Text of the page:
Trippin Over Dogs
I have a confession to make. I’m not a dog fan.
Maybe it’s due to the fact that every dog I had as a kid became a hood ornament for coal trucks and other vehicles that quickly sped along our two-lane, curvy road in West Virginia. Maybe it’s due to the fact that, each time I carry in groceries, I have to shut the doors to my car after grabbing a few bags, all the while gently (notice I said gently, all you PETA people!) kicking yelping beagles off my heels and grocery bags. Maybe it’s due to the fact that I was charged with a misdemeanor once by our county’s animal control office years ago, back during the early years of both my marriage and my teaching career, because my husband had failed to hang the vaccine tags around the necks of his huntin’ dogs. (Yes, we eventually got that record expunged, but the fact that I was the one who bore the brunt of that citation simply because my husband wasn’t home at the time just rubbed me the wrong way AND placed another notch in my “why I do not like dogs” belt!) Maybe it’s due to the fact that, every time my son’s coon dogs hear Zumba music flowing from a window of my house, they all gather at that window and start baying like they’ve treed a prize-winning coon (And YES! I am offended! While it is true that my Latin dance moves may not quite be up to par with those of the perky instructors, and my salsa dance may look more like a slithering shuffle, and one may mistake my merengue for a misshapen miscreant, I still should be afforded the right to do Zumba in the privacy of my own home, without feeling like such an epic failure!) So no, I am most definitely not a fan of dogs.
There is one dog, however, who (as difficult as it is for me to admit) has stolen my heart. Her name is Lucy and she is a Maltese who weighs all of five pounds soaking wet. When my 17 year old (who was 16 at the time) begged for a Maltese for Christmas, adamantly declaring that she would be the happiest girl in the world if she could ONLY get a Maltese, I scoffed at the notion. After all, we have never been a “pure bred, lazy dog” kind of family. Oh sure, we have had a few pure breeds over the years who have been registered with the AKC (I always thought that stood for the All Kinds Club until I became an adult. As a kid, who cares if a dog is a pure breed? Pure breeds stick on the grills of coal trucks just the same as mutts!) But all of those dogs had worked to earn their rights to the papers. Like Scooby, a gray speckled blue heeler who refused to leave my daughter’s side when she played in the front yard as a toddler. Or Big Ben, a big, beautiful bloodhound who patiently traipsed through the woods with my then 9-year-old son, who had embarked on his first solo journey to his nanny’s house on foot. Or the numerous beagles we’ve had over the years, who have had a history of making deer drives much more fun and entertaining. No, Lucy is different. She is the first dog we’ve ever had that simply exists (and exists in the house, no less!).
Yesterday, as I came home from church (as usual, with my hands full of paraphernalia including Bibles, purses, grocery bags, etc.), I stumbled over Lucy, bringing my flip-flop clad foot right down on her tiny paw. (Yes, I often wear my Nike flip flops to church. Don’t judge me!) Gaging from the piercing yelp that emerged from her mouth, I knew that it had hurt her, so I proceeded to the kitchen table, where I planned to lay all my bags down so I could pick her up. Just as I reached the table, my phone rang, then my son hollered, then my husband asked me a question, and pretty soon, I had forgotten all about poor Lucy.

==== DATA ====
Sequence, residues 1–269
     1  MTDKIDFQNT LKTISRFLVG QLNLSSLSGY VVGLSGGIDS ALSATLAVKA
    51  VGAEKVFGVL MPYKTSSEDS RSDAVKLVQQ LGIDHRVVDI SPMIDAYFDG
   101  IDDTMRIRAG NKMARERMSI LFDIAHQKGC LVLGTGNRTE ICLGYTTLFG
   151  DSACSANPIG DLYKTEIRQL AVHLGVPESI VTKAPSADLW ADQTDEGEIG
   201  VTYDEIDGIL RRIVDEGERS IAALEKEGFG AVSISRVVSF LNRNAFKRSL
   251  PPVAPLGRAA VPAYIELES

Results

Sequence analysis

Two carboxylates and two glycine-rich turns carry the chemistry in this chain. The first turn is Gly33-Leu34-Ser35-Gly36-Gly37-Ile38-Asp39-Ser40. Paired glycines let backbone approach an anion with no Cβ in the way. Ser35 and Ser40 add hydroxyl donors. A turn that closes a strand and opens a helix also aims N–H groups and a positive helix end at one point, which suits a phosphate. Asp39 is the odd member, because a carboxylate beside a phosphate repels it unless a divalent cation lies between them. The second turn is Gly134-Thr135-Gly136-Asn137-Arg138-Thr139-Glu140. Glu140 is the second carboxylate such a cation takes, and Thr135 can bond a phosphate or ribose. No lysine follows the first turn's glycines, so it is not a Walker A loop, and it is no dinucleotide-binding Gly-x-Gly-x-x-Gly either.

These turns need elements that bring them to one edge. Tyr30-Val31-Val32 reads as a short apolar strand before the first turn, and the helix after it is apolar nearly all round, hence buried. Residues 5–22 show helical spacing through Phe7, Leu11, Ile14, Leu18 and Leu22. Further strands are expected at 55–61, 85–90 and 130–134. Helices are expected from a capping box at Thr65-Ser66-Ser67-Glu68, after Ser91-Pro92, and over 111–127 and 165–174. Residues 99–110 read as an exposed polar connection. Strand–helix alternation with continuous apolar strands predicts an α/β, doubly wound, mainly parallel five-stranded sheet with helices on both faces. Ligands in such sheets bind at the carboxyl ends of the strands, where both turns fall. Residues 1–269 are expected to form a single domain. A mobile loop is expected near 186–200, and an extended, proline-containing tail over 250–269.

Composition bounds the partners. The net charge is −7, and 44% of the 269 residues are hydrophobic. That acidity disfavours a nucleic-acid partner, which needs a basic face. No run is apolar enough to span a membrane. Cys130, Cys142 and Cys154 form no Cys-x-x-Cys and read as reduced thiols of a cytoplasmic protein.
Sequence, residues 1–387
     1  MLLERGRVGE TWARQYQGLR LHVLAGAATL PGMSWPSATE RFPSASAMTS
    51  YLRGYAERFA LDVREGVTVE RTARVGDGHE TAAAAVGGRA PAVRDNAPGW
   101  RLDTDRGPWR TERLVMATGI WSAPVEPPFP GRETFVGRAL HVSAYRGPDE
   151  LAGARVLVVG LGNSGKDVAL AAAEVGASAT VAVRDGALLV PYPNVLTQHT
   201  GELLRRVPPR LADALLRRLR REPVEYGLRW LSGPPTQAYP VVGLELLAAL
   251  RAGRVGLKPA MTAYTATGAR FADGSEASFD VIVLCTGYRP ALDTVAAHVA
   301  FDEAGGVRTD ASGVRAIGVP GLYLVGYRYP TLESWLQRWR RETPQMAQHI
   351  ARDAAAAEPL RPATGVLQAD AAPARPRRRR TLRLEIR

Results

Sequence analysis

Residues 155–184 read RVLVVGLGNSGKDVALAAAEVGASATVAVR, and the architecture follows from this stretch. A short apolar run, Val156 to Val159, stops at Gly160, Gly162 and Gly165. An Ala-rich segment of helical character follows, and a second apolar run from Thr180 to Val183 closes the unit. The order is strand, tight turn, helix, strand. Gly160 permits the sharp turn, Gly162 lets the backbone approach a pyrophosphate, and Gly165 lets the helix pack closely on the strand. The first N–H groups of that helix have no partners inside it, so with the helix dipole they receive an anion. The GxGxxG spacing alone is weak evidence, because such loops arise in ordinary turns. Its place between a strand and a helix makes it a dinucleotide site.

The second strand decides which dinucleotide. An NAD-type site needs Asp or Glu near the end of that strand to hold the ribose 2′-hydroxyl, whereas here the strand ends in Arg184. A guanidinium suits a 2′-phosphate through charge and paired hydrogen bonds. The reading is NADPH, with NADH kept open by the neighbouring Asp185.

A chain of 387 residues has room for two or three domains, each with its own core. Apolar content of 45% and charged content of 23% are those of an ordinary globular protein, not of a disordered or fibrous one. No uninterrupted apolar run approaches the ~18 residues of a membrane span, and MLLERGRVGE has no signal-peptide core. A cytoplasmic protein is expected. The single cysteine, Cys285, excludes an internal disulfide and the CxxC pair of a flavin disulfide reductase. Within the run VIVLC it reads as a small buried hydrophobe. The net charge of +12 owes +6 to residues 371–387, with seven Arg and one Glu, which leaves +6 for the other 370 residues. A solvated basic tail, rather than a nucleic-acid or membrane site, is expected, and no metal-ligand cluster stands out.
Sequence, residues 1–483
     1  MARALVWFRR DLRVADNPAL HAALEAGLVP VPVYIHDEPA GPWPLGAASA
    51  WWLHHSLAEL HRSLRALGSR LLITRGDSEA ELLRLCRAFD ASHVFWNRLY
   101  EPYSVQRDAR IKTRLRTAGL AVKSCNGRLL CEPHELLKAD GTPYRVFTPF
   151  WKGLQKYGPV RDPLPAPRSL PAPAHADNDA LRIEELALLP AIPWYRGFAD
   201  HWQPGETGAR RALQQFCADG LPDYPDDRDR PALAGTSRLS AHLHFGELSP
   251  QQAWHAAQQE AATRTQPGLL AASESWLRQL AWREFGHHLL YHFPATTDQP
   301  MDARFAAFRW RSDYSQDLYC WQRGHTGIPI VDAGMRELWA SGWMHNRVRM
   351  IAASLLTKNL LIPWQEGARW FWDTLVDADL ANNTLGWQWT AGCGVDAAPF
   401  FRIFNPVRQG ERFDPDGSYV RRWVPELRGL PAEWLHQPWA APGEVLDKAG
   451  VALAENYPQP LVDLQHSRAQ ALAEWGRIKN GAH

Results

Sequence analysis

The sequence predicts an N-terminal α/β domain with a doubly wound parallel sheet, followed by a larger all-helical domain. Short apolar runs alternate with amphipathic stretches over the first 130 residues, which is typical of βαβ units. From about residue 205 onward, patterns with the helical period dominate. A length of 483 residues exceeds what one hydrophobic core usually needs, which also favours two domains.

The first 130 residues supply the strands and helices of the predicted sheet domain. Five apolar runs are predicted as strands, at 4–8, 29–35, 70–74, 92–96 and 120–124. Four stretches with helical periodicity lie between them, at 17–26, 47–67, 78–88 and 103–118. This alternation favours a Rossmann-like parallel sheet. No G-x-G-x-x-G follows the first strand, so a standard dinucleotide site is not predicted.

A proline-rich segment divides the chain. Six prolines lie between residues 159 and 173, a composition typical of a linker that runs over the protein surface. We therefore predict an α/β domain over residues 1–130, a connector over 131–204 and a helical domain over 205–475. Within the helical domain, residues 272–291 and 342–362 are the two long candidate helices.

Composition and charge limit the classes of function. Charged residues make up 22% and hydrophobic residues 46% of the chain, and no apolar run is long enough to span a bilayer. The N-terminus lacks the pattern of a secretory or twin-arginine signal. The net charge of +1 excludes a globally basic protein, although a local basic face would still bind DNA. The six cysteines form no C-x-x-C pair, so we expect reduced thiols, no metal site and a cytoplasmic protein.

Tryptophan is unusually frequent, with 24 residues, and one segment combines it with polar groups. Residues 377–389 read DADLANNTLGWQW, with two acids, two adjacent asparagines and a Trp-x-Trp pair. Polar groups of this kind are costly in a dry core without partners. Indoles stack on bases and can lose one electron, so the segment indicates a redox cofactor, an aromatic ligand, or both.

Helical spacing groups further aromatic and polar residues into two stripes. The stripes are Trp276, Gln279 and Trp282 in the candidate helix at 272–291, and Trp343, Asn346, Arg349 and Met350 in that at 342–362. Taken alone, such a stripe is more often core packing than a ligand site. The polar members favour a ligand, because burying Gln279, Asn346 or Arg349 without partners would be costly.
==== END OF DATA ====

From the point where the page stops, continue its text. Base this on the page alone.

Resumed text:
Later that evening, after a full day at the lake, we sat down to watch the cartoon Rio, and I felt a warm glob of fur near my feet and a wet sticky thing tickling my toes. Just as I was ready to start kicking (memories of a squirrel once finding his way into our bedroom flooding my memory), I looked down on the other end of the couch and there was Lucy, content as can be, just licking my toes and giving me her unadulterated affection. Me, the person who, just a few hours prior, had tripped over her, stepped on her, and hurt her. Me, the person who had completely forgotten to pick her up and check her paw. Me, the person who had forgotten to say she was sorry.
Lucy was showing me love, even though I was obviously undeserving of it. I had hurt her. I had allowed the things of life to get in the way of me checking on her. Through my negligence, I had shown her that everything else in my life was more important than her. As I lay there thinking about that, the parallel of how I often treat Christ became very clear to me. How often had I hurt Him with the way I had spoken to someone else? How often had I hurt Him with my decisions to watch or read something that I knew would be displeasing to Him? The answer is . . . A LOT. . . . too many times to even count. But just like Lucy, He’s always there. Tugging me. Showing His affection for me. Trying to get my attention. Loving me. Even when I ignore Him. Even when I hurt Him.
Paul reveals the depths of God’s love for us in Romans 8:38-39: “And I am convinced that nothing can ever separate us from God’s love. Neither death nor life, neither angels nor demons, neither our fears for today nor our worries about tomorrow—not even the powers of hell can separate us from God’s love. 39 No power in the sky above or in the earth below—indeed, nothing in all creation will ever be able to separate us from the love of God that is revealed in Christ Jesus our Lord.”
So, with my measly little words through this measly little blog, I will attempt to give Christ the gratitude that I so often fail to give Him.